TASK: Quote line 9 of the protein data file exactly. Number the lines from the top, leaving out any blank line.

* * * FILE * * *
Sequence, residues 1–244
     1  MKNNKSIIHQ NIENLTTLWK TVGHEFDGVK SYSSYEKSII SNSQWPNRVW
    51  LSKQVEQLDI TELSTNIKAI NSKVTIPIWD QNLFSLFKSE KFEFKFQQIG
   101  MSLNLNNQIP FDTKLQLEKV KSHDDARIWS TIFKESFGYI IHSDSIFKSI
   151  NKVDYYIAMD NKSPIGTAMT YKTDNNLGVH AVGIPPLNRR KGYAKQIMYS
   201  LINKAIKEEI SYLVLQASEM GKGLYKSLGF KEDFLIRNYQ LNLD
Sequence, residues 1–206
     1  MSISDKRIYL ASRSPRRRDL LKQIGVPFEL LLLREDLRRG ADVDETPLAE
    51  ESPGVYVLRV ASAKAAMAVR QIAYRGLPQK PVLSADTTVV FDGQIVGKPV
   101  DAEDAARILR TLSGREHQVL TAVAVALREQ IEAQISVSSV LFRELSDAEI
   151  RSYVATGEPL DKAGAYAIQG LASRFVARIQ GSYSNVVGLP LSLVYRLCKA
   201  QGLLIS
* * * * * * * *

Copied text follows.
    51  ESPGVYVLRV ASAKAAMAVR QIAYRGLPQK PVLSADTTVV FDGQIVGKPV